• Audrey Kletscher Helbling Says:

      And I learn something new each time I travel the Minnesota back roads. And, yes, I do sometimes wish I could step back in time and talk to the people who lived in these places.

  3. treadlemusic Says:

    The location of the railroads, rivers and “easiest routes”(terrain wise) often dictated settlement locations. What I have found interesting is that the original location of a town may be different from the current recognized mapped spot. Due to many factors (some political), the official/existing town designation, at least in our area, came about because of an early, influential (wealthy!?) resident had their own thoughts on where the town would be best suited (for their business venture). With the many hills/valleys/coulees in this area each group of settlers built what was needed: church (usually first),dry goods,school, etc. and these little buildings today (if surviving) are voting places or 4-H meeting spots. A slice of a by-gone era. Love it!!!

    • Audrey Kletscher Helbling Says:

      Ah, yes, rivers and other factors contributed to the locations of towns. You are so right.

  4. Jackie Says:

    Love anything about ghost towns, been to a few myself. I’m in love with the barn pictures, as you know, I love old barns as well. I love the little miniature barn next to the big one in the 1st barn shot, do you suppose that’s the milk house?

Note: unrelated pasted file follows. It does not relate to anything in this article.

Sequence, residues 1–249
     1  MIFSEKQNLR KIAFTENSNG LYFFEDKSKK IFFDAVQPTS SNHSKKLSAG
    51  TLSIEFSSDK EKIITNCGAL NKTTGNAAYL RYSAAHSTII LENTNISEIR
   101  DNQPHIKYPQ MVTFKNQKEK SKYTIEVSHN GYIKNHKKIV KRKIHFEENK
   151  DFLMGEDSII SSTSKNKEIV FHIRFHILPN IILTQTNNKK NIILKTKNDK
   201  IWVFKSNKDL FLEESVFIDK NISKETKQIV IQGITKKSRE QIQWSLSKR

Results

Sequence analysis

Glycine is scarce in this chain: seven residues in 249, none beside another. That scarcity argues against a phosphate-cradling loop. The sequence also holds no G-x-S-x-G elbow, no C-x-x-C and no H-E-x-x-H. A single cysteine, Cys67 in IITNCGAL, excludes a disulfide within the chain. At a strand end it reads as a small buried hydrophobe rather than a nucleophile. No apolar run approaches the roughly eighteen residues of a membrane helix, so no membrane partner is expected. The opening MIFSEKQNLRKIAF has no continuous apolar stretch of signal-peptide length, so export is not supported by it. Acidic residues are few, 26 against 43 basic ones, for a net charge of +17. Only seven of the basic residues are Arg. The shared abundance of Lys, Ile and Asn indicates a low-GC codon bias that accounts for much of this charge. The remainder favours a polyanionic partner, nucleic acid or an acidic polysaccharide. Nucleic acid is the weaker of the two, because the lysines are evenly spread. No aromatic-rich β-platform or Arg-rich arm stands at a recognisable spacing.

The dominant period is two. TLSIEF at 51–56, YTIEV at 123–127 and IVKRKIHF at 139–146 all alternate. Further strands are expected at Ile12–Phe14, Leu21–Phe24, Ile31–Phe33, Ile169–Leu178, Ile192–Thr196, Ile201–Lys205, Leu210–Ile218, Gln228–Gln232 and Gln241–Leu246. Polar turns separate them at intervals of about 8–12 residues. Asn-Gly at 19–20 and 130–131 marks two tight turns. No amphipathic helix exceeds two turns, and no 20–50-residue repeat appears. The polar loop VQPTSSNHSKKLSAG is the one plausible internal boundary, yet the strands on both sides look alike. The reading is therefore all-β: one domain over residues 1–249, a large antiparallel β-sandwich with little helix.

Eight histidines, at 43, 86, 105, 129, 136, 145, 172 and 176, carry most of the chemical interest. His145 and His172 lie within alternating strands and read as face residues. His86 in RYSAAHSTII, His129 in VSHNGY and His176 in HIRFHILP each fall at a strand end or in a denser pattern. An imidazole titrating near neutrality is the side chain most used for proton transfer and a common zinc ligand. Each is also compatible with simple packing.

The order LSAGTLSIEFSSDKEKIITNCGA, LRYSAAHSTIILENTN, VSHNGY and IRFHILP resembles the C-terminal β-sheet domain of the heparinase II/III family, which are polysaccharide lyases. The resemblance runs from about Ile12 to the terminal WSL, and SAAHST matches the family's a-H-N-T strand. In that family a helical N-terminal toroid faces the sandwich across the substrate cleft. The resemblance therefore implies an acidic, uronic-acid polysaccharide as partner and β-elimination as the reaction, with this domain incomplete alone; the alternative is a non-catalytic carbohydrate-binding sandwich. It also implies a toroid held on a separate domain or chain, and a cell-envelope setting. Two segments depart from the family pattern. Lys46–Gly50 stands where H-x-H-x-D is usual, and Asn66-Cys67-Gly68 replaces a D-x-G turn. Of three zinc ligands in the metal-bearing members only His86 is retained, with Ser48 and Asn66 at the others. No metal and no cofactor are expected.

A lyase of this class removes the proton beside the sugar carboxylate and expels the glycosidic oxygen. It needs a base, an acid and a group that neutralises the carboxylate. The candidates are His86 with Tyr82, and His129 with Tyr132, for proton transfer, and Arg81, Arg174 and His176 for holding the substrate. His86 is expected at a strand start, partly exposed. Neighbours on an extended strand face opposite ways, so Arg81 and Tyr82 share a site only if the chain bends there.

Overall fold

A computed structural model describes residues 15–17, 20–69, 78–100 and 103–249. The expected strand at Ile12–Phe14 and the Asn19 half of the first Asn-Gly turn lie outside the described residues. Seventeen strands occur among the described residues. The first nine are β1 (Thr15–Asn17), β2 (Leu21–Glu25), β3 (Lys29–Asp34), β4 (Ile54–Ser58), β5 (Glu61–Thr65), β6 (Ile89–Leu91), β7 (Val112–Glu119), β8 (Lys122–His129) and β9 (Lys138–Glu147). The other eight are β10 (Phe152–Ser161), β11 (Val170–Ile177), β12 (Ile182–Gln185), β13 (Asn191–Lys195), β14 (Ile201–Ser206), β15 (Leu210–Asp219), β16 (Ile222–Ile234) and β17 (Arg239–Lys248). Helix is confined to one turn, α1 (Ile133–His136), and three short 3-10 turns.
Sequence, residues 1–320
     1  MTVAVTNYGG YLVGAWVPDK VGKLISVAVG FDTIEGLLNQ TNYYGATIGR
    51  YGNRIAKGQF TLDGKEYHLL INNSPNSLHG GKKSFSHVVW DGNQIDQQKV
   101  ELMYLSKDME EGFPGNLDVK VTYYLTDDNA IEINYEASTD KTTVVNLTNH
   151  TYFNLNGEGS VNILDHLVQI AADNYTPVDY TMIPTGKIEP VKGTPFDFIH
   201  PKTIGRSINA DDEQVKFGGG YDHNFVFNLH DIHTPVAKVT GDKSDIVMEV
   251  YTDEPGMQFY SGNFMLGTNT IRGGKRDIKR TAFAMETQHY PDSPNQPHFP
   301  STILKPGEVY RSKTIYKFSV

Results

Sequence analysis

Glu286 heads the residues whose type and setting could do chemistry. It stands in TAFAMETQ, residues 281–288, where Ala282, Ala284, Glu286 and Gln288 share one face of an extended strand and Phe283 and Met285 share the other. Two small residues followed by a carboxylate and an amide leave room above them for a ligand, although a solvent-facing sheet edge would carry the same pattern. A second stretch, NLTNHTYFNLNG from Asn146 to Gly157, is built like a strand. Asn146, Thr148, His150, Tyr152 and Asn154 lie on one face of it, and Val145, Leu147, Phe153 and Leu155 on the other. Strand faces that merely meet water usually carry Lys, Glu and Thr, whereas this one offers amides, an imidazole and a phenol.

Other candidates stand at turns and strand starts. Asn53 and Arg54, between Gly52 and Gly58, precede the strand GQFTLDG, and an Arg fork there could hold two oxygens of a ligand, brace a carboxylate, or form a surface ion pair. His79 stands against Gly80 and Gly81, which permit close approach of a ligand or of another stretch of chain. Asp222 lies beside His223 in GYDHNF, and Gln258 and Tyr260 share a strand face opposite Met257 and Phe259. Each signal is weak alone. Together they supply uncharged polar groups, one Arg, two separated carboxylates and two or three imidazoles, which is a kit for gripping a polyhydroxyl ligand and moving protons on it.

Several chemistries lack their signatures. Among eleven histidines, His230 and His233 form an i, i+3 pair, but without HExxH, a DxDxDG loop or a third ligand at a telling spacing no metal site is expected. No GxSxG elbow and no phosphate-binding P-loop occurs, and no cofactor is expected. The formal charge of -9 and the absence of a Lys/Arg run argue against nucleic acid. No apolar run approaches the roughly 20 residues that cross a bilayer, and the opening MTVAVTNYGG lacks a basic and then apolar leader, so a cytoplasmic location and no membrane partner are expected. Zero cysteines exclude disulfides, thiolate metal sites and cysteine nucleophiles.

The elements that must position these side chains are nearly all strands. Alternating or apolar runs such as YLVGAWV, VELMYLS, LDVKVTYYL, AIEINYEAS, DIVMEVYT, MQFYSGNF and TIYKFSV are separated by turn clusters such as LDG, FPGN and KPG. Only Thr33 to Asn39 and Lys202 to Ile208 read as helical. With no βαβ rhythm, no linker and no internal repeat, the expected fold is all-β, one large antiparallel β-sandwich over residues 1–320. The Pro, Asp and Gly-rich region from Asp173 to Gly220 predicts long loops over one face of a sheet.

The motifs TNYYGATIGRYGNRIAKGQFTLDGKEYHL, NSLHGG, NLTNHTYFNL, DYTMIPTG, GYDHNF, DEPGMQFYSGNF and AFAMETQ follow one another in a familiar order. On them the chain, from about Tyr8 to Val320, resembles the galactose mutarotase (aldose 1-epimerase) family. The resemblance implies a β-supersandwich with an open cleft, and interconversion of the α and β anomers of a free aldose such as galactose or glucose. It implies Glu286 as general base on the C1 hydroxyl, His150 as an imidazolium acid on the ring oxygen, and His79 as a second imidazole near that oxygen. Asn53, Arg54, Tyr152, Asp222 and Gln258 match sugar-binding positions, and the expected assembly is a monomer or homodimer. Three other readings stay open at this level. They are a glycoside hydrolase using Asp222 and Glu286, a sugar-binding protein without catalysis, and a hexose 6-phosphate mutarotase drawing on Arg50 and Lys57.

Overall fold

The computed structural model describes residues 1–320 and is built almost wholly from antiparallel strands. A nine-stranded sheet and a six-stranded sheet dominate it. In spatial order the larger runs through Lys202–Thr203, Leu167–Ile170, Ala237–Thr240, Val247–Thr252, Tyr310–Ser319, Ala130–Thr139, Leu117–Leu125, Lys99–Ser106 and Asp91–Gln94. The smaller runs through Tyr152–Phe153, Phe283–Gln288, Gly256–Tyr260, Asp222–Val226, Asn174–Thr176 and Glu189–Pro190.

5. Love Ghost Towns – great post and love the photos, especially the barn:)

  6. ljhlaura Says:

    The photos certainly spark the imagination. Also love the barn. 🙂

    • Audrey Kletscher Helbling Says:

      Makes you wonder doesn’t it, about the people who worked in these buildings. And that well-kept barn is simply beautiful.

  7. Bernie Bowman Says:

    Love barns!! Your mom told my mom that you might possibly have some Vesta school books with pictures in them from the 70’s…if this is true just let me know..I remember a yellow book that had pictures of all the grades, and I think I was in maybe 5th or 6th grade…would love a copy or if anyone would have an extra one. Thanks Audrey…oh, and mom says that the book library is going over well! Makes me happy, cuz I love books!!

    • Audrey Kletscher Helbling Says:

      Bernie, you just made my day by telling me the Little Free Library has been well received. Oh, that makes my heart so very happy. I’ll be delivering another 40 books for everyone from preschoolers to adults. Overflow will go into the cafe. Please tell your mom I am absolutely grateful for the warm reception of the LFL.

      As for any Vesta school books…, no I don’t have any and my mom must be thinking of someone else. I don’t recall any Vesta Elementary School books with photos in them. Maybe my younger siblings do as I was in high school already in the 1970s. Sorry, I can’t help you. But if you find any, let me know.

  8. Bernie Bowman Says:

    Thanks for responding!! I will have to do some checking…have a great weekend!

  9. Derek Says:

    The building from Belvidere Mills that you were wondering about was a old grocery store.